Posts Tagged ‘Employment Law’« Older Entries
Employment Law – pregnancy guidance seems to require light duty for all, DOL proposed 408 (b) (2) guide and more.
Employment Law – EEOC background check guidance under fire, developments in Tennessee, Alabama, and federal employment law and more.
Employment Law – New Tennessee law limits scope of employment discrimination, Connecticut legislature makes changes to Connecticut paid sick leave law and more.
Employment Law - JPML Crafts Centralized Status For 5 Michaels OT Suits, Employee Benefit Plan is Governmental Plan, Even Though Employees are Not, says District Court in 11th Circuit and more.
Decisions and transactions in the investment world are often based on information from a trusted relationship. As a Fiduciary to an endowment, a foundation, or a qualified retirement plan, there is an extra level of due diligence that is required in order to assure that conflicts of interest do not surface after an arrangement is in place or a transaction has been completed. Conflicts of interest can make your organization or your retirement plan an attractive target for a plaintiff’s attorney.
Employment Law – Louisiana follows Wisconsin and Tennessee in protecting employee and student personal online account, employer sanctioned for failing to issue a litigation hold after notice of EEOC charge and more.
Appellate Court Rules that Trial Court Failed to Consider City Ordinance Prohibiting Workplace Discrimination
In October 2011, James Hoover, assistant superintendent in charge of operations at the City of Elyria’s water pumping plant, made several racially discriminatory comments toward Lamont Jackson, an African-American, part-time employee; calling him “Black Buck,” “Big Black Buck,” and “BBB” throughout the work day. These comments were made in front of several other employees, including Sam Jacobs, Jr., who admonished Mr. Hoover for making the comments and reported him to the plant superintendent.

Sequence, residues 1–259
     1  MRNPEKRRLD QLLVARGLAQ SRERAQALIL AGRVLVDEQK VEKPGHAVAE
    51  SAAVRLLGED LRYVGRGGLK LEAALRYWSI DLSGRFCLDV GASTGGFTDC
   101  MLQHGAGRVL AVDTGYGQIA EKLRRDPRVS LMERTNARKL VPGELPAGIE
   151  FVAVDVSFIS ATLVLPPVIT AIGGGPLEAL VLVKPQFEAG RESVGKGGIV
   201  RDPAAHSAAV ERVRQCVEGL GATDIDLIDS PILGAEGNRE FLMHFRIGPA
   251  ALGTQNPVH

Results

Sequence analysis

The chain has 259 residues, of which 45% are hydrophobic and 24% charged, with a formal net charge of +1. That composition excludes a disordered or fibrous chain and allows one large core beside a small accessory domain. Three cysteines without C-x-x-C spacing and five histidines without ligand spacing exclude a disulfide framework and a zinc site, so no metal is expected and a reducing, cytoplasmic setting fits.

Employment Law – this week’s update includes the labor law violations by federal contractors, a review of recent whistleblower developments and more.
Fifth Circuit Rules That Employer’s Overly Broad Confidentiality Policy Unlawfully Restricts Employees’ Right to Discuss Wages
Expert Guest Entry by Shawn Romer Originally published on http://ralawemployment.blogspot.com/
In Flex Frac Logistics, LLC v. NLRB (March 24, 2014), the Fifth Circuit Court of Appeals upheld a National Labor Relations Board (“NLRB”) ruling that struck down an overly broad employer confidentiality policy. The court held that this overly broad policy could be interpreted as prohibiting an employee from discussing his wages with others – a right specifically protected by the National Labor Relations Act (“NLRA”).
Employment Law – the latest on EEOC religious accommodations, Obama expanding overtime pay and more.